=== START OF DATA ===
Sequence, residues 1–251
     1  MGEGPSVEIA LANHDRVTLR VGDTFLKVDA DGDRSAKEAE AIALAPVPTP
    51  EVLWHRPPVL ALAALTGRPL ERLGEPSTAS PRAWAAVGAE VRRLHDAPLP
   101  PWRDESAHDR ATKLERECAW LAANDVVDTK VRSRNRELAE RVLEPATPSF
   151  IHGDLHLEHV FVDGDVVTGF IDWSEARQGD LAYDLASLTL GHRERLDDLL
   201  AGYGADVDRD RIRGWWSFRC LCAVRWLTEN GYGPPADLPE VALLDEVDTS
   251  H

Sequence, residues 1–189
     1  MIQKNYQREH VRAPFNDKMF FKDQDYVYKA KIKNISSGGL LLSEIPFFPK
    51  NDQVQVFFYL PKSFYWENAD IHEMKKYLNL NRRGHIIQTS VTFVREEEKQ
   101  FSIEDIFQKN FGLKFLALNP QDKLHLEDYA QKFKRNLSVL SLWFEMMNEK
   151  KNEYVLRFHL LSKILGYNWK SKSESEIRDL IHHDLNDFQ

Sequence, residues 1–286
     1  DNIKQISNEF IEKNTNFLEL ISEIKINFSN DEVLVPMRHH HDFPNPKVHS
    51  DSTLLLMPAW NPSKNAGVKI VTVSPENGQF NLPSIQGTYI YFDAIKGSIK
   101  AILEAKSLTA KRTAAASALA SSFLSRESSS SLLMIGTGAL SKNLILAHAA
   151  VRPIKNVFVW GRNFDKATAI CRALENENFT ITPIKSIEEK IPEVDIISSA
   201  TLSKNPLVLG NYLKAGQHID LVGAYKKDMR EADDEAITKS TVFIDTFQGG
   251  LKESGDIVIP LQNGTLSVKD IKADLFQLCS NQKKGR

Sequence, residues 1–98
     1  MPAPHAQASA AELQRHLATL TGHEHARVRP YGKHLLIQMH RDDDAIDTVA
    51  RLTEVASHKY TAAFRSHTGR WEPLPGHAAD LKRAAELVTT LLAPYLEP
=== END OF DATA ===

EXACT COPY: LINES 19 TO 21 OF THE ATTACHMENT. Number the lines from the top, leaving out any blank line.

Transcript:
   251  LKESGDIVIP LQNGTLSVKD IKADLFQLCS NQKKGR

Sequence, residues 1–98
     1  MPAPHAQASA AELQRHLATL TGHEHARVRP YGKHLLIQMH RDDDAIDTVA